Anna Webber: Clockwise (CD Review)

Anna Webber

Clockwise

Pi Recordings (2019)

Saxophonist/flutist/composer Anna Webber, a thirty-five-year-old who has already won a Guggenheim Fellowship and numerous other plaudits, makes her Pi Recordings debut with Clockwise.Joined by an estimable group of avant-jazz musicians – pianist Matt Mitchell, Jeremy Viner playing tenor saxophone and clarinet, trombonist Jacob Garchik, cellist Christopher Hoffman, bassist Chris Tordini, and percussionist Ches Smith-Webber plays tenor saxophone and flute on the CD. Her compositions are mostly extrapolations of pieces for percussion by twentieth century classical composers Morton Feldman(King of Denmark)Iannis Xenakis (Persephassa), Edgard Varése (Ionisation), Karlheinz Stockhausen (Zyklus), Milton Babbitt (Homily), and John Cage (Third Construction). Employing percussion music to organize musical structures yields fascinating and fertile hybridized compositions. 

Array, based on Babbitt’s Homily, a solo piece for snare drum, uses the score’s serialized dynamics and attack points to craft a welter of overlapping arpeggiations inhabited by the entire group. King of Denmark is visited in three different incarnations on Clockwise, the first lifting off with a bracing hail of noise-inspired multiphonics before moving into an undulating groove that positions the rhythm section front and center. The second features an introduction in which Smith plays glissandos on timpani alongside chiming interjections. This is succeeded by a sultry main section, pitting walking lines from Tordini against microtonal winds. King of Denmark III is the briefest trope on Feldman, juxtaposing a roiling arco solo from Tordini against saxophones overblown. 

The title track takes the modularity of Stockhausen’s original as a cue for its own set of disparate, time-linked sections. Cage’s Third Constructionis channeled on Hologram Best, which features angular saxophone and brass lines in ebulliently spinning motion. Idiom II is the sole track on the disc to be composed with Webber’s own material. Near unison saxes, just slightly out of sync, create a loping tune that is punctuated by thrumming percussion and bass notes. Gradually, the rhythm section exerts a more intrusive presence that rivals the saxophone ostinato. Ultimately, the head is banished in favor of a saxophone-piano duet, in which Mitchell plays from an attractive palette of complex harmonies. Inexorably, the saxophones push back. Now no longer in near-unison, deployed in counterpoint, they take a break of their own that is only gradually infiltrated by the rhythm section. The final section of the piece features ostinatos again, this time with blocks of reeds, harmonizing the original tune, taking the front line in the proceedings while the rhythm sections positively roars its propulsive support. A brief reappearance of the head ensues, and then the door slams shut on the most compelling music of the recording.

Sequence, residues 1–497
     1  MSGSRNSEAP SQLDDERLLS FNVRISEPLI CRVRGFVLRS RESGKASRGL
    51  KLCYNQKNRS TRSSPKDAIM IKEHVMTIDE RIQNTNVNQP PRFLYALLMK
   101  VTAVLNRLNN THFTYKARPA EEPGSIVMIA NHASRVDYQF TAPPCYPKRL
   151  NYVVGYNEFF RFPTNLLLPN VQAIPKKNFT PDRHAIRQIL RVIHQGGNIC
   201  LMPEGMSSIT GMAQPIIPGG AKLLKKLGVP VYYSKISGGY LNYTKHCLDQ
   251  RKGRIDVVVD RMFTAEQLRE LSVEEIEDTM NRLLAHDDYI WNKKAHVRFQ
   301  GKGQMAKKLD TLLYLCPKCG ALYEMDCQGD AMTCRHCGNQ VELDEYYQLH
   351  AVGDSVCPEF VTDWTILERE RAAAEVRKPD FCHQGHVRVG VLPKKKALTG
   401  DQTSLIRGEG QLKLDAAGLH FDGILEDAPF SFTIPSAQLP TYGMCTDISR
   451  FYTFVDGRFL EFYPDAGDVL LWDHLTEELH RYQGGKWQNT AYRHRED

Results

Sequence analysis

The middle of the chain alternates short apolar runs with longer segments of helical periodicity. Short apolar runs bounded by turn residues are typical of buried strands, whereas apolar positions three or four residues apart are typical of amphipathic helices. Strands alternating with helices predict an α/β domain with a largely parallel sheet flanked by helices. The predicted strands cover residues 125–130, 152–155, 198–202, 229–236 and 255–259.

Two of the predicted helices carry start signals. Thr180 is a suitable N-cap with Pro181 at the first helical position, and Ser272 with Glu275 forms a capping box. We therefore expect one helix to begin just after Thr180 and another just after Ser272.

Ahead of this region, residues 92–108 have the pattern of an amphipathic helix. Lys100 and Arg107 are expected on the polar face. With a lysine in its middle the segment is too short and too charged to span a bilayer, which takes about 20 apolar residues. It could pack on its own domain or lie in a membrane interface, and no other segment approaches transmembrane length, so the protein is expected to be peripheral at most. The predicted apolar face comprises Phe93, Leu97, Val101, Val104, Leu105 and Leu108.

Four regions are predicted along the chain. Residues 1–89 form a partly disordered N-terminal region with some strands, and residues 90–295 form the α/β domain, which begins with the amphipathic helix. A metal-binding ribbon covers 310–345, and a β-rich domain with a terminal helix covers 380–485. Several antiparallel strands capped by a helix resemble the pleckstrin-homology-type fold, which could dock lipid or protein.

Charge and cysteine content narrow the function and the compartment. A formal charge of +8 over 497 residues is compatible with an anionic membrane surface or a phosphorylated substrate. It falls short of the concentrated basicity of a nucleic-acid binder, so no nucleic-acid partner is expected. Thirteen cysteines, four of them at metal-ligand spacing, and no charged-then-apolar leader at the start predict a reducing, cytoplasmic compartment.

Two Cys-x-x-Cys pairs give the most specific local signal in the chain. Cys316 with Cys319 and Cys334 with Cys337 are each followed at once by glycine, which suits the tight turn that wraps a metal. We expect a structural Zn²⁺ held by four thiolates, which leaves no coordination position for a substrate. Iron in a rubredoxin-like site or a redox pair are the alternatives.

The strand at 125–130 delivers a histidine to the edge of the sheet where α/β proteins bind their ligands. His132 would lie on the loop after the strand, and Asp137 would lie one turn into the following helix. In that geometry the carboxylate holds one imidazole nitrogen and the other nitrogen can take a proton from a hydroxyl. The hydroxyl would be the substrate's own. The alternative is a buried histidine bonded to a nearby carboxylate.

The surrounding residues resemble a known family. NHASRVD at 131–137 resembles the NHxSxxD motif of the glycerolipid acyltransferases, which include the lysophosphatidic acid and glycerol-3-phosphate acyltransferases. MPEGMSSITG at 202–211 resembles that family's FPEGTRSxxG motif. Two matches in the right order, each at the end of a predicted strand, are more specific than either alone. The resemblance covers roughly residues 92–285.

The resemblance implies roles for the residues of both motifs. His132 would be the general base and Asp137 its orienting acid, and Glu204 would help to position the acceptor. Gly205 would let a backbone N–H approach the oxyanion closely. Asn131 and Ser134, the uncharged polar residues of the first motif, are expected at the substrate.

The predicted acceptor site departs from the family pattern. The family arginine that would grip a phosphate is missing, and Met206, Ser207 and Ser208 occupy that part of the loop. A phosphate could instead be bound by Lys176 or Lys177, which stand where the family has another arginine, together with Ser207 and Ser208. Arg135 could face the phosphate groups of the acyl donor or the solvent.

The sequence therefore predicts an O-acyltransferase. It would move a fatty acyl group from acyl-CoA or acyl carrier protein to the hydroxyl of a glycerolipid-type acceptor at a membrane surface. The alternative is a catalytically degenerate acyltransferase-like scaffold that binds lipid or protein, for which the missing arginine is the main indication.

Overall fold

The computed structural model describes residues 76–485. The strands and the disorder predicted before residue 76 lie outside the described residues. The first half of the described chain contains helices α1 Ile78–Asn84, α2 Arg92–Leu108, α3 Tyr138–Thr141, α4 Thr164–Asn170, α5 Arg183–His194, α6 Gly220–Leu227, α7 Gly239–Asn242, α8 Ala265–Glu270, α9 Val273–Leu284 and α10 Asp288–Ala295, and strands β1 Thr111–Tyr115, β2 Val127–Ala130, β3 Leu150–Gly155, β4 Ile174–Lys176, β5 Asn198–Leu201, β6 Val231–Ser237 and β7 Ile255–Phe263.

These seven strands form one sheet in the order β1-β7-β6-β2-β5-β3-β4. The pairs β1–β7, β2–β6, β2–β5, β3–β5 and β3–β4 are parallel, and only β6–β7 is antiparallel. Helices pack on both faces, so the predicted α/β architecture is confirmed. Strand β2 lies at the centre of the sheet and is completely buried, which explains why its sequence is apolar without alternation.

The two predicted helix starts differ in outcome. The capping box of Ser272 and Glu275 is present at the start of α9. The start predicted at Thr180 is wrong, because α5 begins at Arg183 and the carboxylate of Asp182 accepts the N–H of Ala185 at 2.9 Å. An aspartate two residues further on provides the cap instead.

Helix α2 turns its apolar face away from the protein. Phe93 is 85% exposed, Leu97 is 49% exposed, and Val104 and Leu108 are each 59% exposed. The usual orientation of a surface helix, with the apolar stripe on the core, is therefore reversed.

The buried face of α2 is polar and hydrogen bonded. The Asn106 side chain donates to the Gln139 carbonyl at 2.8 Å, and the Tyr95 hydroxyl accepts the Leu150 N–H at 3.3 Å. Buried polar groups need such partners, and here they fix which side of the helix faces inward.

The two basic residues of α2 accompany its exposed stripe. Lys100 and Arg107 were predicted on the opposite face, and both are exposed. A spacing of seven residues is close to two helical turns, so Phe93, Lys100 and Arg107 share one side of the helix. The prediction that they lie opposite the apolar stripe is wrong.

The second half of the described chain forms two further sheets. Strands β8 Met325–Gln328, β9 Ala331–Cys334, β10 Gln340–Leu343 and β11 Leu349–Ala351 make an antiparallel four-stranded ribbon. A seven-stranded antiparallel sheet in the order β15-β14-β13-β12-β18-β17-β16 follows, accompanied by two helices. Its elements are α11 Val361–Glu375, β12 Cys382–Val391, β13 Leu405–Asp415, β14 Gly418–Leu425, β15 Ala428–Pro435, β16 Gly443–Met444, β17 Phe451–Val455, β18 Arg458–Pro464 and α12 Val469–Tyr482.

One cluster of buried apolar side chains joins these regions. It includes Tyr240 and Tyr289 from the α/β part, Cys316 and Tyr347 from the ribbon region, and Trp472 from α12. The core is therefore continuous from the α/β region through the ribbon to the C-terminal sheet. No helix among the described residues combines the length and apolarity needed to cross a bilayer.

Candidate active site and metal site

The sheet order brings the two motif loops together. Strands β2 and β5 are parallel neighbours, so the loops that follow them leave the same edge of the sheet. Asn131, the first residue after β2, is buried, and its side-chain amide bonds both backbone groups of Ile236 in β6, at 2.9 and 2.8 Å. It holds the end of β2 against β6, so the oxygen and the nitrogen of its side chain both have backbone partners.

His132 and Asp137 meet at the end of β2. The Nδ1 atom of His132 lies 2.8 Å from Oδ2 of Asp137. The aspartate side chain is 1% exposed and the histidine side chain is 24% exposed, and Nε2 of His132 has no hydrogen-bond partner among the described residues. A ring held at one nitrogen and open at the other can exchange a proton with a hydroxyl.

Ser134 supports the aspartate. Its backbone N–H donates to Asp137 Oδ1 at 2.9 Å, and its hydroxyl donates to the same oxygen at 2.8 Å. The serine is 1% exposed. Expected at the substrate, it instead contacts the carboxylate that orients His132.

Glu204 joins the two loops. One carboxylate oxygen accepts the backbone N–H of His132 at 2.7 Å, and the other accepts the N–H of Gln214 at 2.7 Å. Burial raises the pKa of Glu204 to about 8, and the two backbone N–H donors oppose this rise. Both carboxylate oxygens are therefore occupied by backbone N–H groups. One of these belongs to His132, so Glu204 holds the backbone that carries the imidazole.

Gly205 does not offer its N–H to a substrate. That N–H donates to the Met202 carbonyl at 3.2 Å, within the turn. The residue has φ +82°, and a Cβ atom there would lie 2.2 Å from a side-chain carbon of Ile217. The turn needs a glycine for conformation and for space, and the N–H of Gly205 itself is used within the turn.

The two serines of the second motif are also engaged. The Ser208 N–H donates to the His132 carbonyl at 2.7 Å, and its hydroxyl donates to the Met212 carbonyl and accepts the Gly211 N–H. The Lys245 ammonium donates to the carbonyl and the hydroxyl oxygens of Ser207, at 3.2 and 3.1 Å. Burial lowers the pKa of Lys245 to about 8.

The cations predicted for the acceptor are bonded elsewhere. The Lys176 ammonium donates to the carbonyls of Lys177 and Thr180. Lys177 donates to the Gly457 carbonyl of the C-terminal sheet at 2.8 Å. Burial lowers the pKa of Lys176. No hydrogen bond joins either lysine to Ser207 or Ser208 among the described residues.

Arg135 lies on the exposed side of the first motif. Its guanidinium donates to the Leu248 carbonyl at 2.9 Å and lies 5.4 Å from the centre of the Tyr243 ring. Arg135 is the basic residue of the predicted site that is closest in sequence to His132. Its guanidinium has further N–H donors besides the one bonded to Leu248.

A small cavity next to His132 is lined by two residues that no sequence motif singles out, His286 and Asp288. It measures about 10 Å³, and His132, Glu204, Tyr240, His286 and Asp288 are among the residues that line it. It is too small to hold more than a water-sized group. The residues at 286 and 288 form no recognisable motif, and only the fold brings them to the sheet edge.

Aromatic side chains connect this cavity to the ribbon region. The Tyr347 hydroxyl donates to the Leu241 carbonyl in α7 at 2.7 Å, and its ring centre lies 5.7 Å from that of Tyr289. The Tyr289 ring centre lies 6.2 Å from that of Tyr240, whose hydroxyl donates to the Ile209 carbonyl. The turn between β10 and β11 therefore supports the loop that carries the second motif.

Varése and Xenakis inspire the works Kore I and Kore II. The latter opens the disc with undulating pizzicato strings that are eventually joined successively by flute, piano, and the rest of the ensemble in an off-kilter, post-tonal dance. Kore I closes the recording with another pileup of material, starting from pianissimo feints from the rhythm section and eventually building to a portentous moto perpetuo in which solos from Tordini, Webber, and Garchik are finally subsumed into a furious tutti coda. 

Whether Webber is exploring avant-garde classical masters or paving her own pathways, she proves to be a compelling creator. Her collaborators, to a person, are stellar. Clockwise is heartily recommended. 

Best Recording 2017 – Tyshawn Sorey’s Verisimilitude

Verisimilitude

Verisimilitude

Tyshawn Sorey

Tyshawn Sorey, drums, percussion, composer; Cory Smythe, piano, toy piano, electronics; Chris Tordini, bass

Pi Records PI70